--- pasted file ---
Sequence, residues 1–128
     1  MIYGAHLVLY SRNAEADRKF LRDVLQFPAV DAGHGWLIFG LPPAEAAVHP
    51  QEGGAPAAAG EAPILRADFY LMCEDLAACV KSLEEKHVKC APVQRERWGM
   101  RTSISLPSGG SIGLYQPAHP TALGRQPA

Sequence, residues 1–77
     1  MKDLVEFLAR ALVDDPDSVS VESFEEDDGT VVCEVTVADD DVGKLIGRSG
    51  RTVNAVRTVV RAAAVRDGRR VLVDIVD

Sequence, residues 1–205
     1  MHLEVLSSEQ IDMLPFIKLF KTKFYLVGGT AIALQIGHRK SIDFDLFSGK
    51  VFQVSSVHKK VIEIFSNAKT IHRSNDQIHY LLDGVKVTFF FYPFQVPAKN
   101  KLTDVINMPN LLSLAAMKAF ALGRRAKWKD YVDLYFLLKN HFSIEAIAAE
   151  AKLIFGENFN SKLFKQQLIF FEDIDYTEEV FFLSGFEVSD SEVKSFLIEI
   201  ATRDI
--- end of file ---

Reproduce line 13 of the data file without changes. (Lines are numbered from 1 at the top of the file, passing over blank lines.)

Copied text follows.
   201  ATRDI